In this age of misinformation, online piano lessons can feel like yet another labyrinth. This article untangles the web of misconception, shows you how to learn online effectively, and finally answers the question: what are the best free online piano lessons?
Here’s a clue: it’s not an app!
Read to the end.
Are online piano lessons any good?
As 2021 takes shape, and as some of the events of 2020 seem behind us, there are few things that divide opinion with less fervour than – you guessed it – online learning.
For many parents, adapting to online learning has been a real effort during an uncertain time. For teachers, the Skype theme has become an hourly jingle, and Zoom fatigue is real. For students, six-hour days at school were swapped for screen time at home.
Basically, the term ‘online lessons’ – which was virtually unknown a few years ago – is now on par with Brexit and Marmite! Great…
FYI, the case for online learning doesn’t get any better for beginners! Many piano learners starting out today search:
– piano lessons free
– free learn piano app
– learn piano free online
– piano lessons free for beginners
– piano lessons online for free
– free learn piano
– beginner piano lessons online free
Did you notice the trend? That’s right – ‘online’ and ‘free’ are synonymous.
Unfortunately, common sense seems to have taken a side step to slow, inexpressive, and painful playing.
Cut the corner, get ahead. This is the new mania – and unfortunately it’s the beginners that pay the price.
It’s no wonder most give up after signing on to the latest app after a few weeks – when the free trial expires and the direct debit kicks in, incidentally!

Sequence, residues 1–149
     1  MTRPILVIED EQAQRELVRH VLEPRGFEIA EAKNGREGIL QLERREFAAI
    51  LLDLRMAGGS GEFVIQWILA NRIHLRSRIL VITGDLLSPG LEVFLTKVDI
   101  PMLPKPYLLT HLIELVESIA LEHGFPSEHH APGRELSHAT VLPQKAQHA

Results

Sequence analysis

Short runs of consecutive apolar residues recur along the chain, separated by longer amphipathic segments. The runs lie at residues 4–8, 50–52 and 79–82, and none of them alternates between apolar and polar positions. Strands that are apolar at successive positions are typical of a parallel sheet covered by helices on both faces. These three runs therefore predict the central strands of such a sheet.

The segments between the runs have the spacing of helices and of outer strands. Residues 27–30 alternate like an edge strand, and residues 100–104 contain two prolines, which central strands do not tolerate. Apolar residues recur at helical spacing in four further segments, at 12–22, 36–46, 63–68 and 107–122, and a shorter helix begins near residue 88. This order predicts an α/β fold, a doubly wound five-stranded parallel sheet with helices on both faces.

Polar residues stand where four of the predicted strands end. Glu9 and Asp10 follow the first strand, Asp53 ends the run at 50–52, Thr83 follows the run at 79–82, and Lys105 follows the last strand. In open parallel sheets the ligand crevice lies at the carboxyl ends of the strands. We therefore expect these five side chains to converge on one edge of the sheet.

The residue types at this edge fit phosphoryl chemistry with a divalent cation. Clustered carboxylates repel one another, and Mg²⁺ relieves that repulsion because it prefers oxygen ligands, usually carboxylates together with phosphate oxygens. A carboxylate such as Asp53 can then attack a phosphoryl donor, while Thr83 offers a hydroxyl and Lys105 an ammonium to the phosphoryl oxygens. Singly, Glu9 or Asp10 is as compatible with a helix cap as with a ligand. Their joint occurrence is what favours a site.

So much for a free lunch.
All-in-all: a bit of a mixed bag!
Do online piano lessons work?
Yes. This may seem contradictory given the last section of this blog, but those who took lessons online with the right teacher with the right setup over the past year have gained one of the best opportunities in the history of music education.
If this seems hyperbolic, it’s only because online lessons have been framed by a barrage of misconceptions over the past year. This is mostly due to software companies, educational institutions, teachers, and parents scrambling to adapt to the changes brought on by the pandemic. What most don’t realize is that many teachers – myself included – were teaching online well before 2020.
This is because we knew the advantages that online lessons offered our students over face-to-face lessons.
For those who are skeptical, allow me to give you an example. A 13-year-old student of mine took lessons online during the pandemic. We live 300 miles from one another, and yet this student achieved 147/150 in Grade 8 – all during the height of the pandemic.
In a nutshell: like anything, online lessons work if you know how to make them work.
How do online piano lessons work?
The good news is that it’s very easy your end. You just need a laptop and a phone as a backup.
However, this is now where it gets more challenging. Many teachers have a similar setup to their students, and this causes problems since the student requires the teacher to provide more advanced technology to meet their needs.
This includes the ability to:
1) view the score and the teacher’s annotations in real time and with ease
2) hear the nuances in the sound of the piano, voice, and room
3) see the teacher’s physical expressions clearly.
This equipment is required to bring the quality of online lessons in line with face-to-face lessons.
However, there are additions which make the online experience more effective and more rewarding than in-person-lessons. …I didn’t say there wouldn’t be marmite!
1) Engaging with Online Resources
– Scores, recordings, videos, music games, and websites can be accessed and engagement driven in ways that is much too challenging in face-to-face lessons. You can upload your score for annotation with ease.
2) Video Recording
– The lesson can be recorded (with permissions) and watched back for key lesson points and for developing posture, for example. Parents can also review lessons.
3) Overhead View